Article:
The City Council spent the better part of an hour Tuesday on the consequences of using the word "routine" in a proposed ordinance amendment — and then continued the hearing for further clarification.
Council members appeared to be evenly split on whether "routine" gave new power to the Fire Department to clear hazardous brush, despite assurances that it did not from the fire chief, city attorney, a majority of the members of the subcommittee who crafted the amendment and the city manager, who warned that deleting the word could thwart city safety practices.
"This simply allows the city to continue to do what it has done," said Matt Lawson, a member of the Vegetation Management Subcommittee.
The subcommittee of the Disaster Preparedness Committee, or DPC, was appointed to review the proposed ordinance dealing with the protection and restoration of native vegetation from the standpoint of public safety — primarily fuel modification.
"We identified the section on the removal of native vegetation as the DPC's area of legitimate interest," Lawson said. "And we only added eight words (shown in bold) to the section."
"Such approval would not be required for city-approved annual weed abatement or routine fire hazard abatement — vegetation management for fire protection as authorized by the state or local regulations, as needed based on seasonal growing conditions in accordance with the fire chief," according to the proposed wording in the ordinance.
"Adding routine does not improve the proposed ordinance," said Richard Picheny, a member of the subcommittee.
Picheny was the only one of the four subcommittee members who opposed the "r" word. He said he had voted for the proposed language only to get the ordinance before the council. He suggested the entire sentence exempting the Fire Department's "routine" fire hazard abatement be eliminated from the ordinance.
However, City Manager John Pietig said omitting routine and the definition of routine from the ordinance may have unintended consequences.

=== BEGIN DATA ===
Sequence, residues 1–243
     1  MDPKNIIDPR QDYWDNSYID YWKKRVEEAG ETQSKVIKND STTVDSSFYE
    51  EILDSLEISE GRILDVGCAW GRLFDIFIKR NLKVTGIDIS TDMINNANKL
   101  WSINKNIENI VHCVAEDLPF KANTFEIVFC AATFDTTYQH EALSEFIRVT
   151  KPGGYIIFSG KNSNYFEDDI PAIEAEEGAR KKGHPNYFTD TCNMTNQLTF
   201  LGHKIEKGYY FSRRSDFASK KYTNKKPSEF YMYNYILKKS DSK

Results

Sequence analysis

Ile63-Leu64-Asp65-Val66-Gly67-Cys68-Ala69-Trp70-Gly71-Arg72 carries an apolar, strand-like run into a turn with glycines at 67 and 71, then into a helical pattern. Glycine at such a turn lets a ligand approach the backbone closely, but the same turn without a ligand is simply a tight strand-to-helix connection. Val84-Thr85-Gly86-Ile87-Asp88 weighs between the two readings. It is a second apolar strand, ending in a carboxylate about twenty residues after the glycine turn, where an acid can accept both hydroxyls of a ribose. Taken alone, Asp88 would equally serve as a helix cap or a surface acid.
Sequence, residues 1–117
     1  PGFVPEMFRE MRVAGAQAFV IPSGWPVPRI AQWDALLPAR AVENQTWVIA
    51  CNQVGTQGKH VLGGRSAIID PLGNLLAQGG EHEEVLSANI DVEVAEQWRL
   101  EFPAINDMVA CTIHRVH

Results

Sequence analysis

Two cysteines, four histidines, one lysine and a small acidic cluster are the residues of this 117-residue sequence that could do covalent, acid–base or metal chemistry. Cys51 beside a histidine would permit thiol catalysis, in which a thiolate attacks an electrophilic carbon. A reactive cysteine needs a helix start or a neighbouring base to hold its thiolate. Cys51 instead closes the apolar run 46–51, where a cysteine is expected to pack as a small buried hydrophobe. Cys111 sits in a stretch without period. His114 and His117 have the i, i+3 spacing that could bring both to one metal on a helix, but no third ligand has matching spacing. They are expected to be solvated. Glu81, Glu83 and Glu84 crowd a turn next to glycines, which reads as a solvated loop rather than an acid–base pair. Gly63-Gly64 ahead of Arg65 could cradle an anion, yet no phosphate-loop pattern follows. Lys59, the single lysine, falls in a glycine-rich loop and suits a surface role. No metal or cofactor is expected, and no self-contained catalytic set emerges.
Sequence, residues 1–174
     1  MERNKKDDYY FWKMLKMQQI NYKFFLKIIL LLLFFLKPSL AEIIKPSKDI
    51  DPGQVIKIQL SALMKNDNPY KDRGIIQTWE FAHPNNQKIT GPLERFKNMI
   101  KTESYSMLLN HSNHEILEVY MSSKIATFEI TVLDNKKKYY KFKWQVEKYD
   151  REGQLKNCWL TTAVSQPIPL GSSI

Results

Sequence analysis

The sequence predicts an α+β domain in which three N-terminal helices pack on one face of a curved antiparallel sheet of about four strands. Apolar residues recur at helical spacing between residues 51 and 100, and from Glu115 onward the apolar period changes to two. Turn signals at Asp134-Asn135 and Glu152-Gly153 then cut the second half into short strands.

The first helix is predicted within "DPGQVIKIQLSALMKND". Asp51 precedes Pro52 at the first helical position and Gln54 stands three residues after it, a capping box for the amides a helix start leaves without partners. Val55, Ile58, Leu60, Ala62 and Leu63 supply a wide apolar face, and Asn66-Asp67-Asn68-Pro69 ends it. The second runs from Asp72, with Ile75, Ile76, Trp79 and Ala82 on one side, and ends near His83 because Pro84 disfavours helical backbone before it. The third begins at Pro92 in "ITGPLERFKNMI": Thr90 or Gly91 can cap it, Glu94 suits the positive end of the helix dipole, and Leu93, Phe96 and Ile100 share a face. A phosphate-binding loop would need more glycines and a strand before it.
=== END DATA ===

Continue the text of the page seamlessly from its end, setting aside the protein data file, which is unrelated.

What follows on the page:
"You may inadvertently create a conflict in which the existing fuel breaks and fuel modification program doesn't comply with the ordinance," Pietig said. "So it's not that it is going to give the city new powers; it's that in the absence of the words, you have restricted the city's existing ability to conduct the fuel break and the existing fuel modification."
Some fuel modification methods — namely goats munching a swath of defensible space between the wild and developed areas — have been criticized by environmentalists.
The ordinance, as proposed, would allow the fire chief to continue the existing program without going through the design review process to obtain a conditional use permit, proponents said. Any new areas would have to be brought to the Design Review Board for approval of a permit, which once granted would not require annual renewal.
Former Mayor Ann Christoph said the concern is that the fire department could circumvent the permit process.
"The fire department has wanted to exempt anything, basically whatever is ordered by the fire chief." said resident Lisa Marks. "I am concerned about the latitude this language introduces."
Subcommittee members Sue Kempt and David Thorne said the idea of routine maintenance is an important concept, not only for city programs but also for private property owners.
"We need to create a culture of awareness of fire danger in the city," said Kempt.
Landscape architect Scott Sebastian said the goal of awareness was doomed.
"I am guilty of writing what is before you," said Scott Sebastian, landscape architect and member of the defunct Environmental Committee. "I don't think this ordinance will raise awareness — because no one is going to read it."